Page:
Entirely separate from the Android market statistics that Google provides in the Developer Console, AppBrain has a statistics section of its own. Android developers can mine this source for ideas when fine tuning their revenue strategy.
There are a number of statistics sections on AppBrain:
Android market stats
- Number of available Android apps
- Free versus paid apps
- Apps by rating
- Apps by downloads
- Top categories
- In-app billing apps
Android Phone stats
AppBrain site stats
You can peruse these pages on your own, but here are a few thoughts on the sections.
The number of free vs. paid apps in the Android market (as of this writing) is 133528 vs. 83373, or 61.6% free apps. Well, that’s not too surprising. The Android market has long been reported to have a high percentage of free apps, one thing that differentiates it from some of the other platforms. What about the actual price breakdown though?
There are some surprising tidbits here. Do you see that the $2.50-$5.00 bracket shows a much higher number of apps in the 500-5000 download category than any of the other sections? That’s certainly interesting. It might be useful information to consider when pricing a new app.
This is definitely a useful page. When working on a new Android app concept, do you you want to know how users behave towards similar apps? It shouldn’t surprise you that entertainment (e.g. games) has the highest popularity, nor that free apps dominate. You might not have known, however that personalization falls directly behind it, and is mostly comprised of paid apps.
Moving down, you can see breakdowns for each category showing the percentage of high downloads (over 50k) and low quality (low ratings). This might be relevant to help you understand the type and level of competition in the different categories for Android apps and games.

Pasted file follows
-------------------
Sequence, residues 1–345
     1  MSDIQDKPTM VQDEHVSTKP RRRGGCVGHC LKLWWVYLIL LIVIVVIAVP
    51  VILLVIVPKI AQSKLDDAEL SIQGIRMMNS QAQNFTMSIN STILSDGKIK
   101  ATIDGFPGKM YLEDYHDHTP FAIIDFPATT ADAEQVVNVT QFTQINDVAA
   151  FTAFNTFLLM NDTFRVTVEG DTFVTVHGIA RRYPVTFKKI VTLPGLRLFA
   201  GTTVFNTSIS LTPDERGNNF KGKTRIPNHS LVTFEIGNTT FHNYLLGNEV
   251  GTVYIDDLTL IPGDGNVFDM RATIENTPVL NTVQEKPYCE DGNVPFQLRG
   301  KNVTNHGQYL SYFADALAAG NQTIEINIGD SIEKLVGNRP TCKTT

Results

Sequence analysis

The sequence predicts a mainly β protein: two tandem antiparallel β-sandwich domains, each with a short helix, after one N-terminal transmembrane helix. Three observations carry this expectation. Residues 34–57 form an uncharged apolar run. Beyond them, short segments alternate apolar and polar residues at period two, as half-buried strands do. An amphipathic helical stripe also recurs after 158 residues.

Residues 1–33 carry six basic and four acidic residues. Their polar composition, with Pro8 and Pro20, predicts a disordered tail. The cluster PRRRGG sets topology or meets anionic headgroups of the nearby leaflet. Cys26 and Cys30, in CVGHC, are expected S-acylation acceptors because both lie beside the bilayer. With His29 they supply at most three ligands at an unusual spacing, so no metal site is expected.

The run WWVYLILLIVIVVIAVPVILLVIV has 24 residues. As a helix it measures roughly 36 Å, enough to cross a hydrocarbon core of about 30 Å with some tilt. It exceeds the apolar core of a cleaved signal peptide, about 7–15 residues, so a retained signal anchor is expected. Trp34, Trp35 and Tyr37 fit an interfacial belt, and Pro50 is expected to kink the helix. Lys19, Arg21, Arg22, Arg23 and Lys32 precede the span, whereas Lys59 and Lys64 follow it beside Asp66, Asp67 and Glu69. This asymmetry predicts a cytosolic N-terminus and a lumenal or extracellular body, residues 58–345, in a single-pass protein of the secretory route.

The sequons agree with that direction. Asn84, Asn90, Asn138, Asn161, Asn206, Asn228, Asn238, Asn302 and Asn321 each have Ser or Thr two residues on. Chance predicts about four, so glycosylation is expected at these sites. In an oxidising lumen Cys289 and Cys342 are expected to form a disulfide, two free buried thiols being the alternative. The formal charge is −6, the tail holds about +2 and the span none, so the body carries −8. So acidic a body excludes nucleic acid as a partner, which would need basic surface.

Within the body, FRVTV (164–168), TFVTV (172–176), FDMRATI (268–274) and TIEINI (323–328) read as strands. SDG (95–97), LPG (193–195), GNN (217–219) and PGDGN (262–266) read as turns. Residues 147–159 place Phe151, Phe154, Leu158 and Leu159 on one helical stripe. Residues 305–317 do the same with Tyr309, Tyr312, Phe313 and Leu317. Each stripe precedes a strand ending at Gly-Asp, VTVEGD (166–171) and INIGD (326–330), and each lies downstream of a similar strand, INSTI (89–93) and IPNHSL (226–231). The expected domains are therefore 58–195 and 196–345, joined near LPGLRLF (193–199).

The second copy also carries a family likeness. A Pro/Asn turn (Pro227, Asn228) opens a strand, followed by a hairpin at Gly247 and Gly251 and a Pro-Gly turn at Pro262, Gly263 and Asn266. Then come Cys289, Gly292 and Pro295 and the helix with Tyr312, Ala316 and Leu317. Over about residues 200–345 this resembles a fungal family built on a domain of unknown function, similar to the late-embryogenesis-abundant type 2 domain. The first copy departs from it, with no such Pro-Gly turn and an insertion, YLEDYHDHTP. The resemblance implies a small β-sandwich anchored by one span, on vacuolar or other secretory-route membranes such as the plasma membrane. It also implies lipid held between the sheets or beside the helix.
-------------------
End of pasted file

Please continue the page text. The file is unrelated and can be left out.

It appears that the books section, while having a high percentage of paid applications, also has the highest percentage of low quality apps. Games, unsurprisingly, show higher numbers of high download apps across all categories.
When looking to price your new paid Android app, check here to see what apps are going for in your category. For example, medical apps can command a far higher price than personalization apps. This doesn’t take the place of checking for more targeted competition when pricing your app, but it can help you see the big picture at a glance.
While it would be difficult to create apps specifically to target the most recent search terms, you can target the keywords in your listing text.
I’m not sure how useful that strategy would be, as only the top few searches are shown. If your subject is included, it will be helpful. If not, it won’t give you any useful information.
A cause to change strategies?
Would you change your app strategies based on what you see here in the statistics? Would it help you choose a price or even a category to create apps for? Leave a comment if you have used these kind of statistics to help you make decisions about your Android apps.